2. Scroll down until you see PRE setting (below) and highlight that. It stands for Preset and is Nikon’s terminology for custom white balance.
    White Balance preset manual D90
  3. Hold down your WB (white balance) button for a few seconds until your LED display is flashing. Alternately if your model doesn’t do that, find the PRE setting in your menu and press your toggle to the right, choose “Measure” and set for Okay.
  4. Take a photo of the gray card (follow the directions for that above).
  5. You’re done, it should now be set.

That’s the short version of how to do it. If your camera doesn’t have those settings refer to your manual or do a quick YouTube search for the words “custom white balance” plus the name and model number of your camera. There is probably a video showing how to do it with your camera step by step. There are so many variations and cameras we can’t show them all here unfortunately.

How to use a gray card for metering

Your camera has a built-in meter that reads the amount of light and sets the exposure (or gives you information so you can do it if you’re shooting in manual mode). But sometimes it gets it wrong such as when you’re shooting a white subject, or a really dark one. That is because your camera is measuring and setting to make everything medium or 18% gray. Read more about how metering works in your camera here: why is the snow grey in my winter photos?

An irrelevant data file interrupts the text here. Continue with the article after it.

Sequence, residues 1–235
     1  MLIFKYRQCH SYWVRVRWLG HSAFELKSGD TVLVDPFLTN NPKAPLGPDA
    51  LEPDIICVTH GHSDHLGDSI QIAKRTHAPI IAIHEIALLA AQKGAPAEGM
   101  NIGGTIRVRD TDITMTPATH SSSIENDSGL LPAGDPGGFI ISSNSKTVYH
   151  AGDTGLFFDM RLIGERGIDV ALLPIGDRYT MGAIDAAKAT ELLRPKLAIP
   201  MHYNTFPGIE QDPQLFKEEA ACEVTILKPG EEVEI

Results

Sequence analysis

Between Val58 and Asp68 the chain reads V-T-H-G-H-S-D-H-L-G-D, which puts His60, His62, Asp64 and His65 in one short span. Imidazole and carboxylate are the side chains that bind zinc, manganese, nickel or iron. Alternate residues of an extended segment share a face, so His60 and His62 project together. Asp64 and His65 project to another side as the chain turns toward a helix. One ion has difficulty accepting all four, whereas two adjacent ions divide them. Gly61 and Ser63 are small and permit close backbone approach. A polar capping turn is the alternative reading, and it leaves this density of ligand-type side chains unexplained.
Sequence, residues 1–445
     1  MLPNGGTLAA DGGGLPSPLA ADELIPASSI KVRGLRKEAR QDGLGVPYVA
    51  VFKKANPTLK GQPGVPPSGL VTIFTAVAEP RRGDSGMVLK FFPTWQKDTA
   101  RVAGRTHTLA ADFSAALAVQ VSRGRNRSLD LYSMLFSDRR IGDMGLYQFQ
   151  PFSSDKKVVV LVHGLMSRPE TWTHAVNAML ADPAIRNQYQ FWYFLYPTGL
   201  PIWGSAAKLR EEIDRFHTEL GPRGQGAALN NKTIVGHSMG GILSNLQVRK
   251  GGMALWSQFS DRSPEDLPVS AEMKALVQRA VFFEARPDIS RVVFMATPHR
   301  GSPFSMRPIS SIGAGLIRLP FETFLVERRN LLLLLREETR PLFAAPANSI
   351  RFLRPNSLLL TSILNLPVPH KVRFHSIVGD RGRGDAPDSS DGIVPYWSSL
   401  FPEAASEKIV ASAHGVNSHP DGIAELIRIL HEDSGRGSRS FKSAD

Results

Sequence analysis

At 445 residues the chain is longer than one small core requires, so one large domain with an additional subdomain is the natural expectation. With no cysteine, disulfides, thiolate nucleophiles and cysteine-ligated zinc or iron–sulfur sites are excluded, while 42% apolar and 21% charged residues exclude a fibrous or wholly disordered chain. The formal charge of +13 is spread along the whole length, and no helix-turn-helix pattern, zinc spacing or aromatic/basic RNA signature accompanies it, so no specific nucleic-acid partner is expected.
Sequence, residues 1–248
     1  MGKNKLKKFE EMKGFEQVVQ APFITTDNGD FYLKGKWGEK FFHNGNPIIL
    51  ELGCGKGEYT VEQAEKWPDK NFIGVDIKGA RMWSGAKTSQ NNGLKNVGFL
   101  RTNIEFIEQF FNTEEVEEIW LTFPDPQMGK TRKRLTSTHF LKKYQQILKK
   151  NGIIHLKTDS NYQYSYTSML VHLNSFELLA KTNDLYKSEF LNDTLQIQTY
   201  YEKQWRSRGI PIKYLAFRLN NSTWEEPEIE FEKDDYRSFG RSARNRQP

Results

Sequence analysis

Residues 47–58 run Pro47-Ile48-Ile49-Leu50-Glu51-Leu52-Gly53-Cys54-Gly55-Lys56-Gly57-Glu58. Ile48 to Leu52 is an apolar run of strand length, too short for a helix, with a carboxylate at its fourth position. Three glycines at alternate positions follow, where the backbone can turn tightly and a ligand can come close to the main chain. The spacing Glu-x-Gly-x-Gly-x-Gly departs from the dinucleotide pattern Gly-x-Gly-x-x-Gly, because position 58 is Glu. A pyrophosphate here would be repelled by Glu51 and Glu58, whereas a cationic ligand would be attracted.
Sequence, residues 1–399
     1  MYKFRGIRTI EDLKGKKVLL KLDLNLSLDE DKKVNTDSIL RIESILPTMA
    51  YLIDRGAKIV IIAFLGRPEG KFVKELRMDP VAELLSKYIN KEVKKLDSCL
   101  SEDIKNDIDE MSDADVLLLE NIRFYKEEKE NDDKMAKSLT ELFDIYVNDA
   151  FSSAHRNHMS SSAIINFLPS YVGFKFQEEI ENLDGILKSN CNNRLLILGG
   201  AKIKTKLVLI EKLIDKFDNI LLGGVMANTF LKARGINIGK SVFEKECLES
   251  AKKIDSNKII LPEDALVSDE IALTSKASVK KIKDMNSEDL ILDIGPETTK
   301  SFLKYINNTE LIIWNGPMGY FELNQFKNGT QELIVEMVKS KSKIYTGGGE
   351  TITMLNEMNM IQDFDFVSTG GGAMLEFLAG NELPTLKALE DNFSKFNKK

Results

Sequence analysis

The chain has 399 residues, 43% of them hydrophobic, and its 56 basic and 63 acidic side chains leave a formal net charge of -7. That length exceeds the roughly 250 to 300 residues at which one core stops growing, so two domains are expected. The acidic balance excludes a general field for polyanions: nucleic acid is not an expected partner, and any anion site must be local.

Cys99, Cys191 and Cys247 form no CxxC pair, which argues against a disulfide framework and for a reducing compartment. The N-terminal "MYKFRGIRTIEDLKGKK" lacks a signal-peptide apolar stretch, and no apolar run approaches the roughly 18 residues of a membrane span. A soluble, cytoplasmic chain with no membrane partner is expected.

You can use a gray card to help you set the exposure in such situations.

It is ideal to use this technique for portraits using natural light when the lighting remains constant, and circumstances where you have the time to setup your shot, use a tripod, and do a custom white balance as outlined above. It is not the time to use a gray card for metering when you have a moving subject or the light is changing rapidly.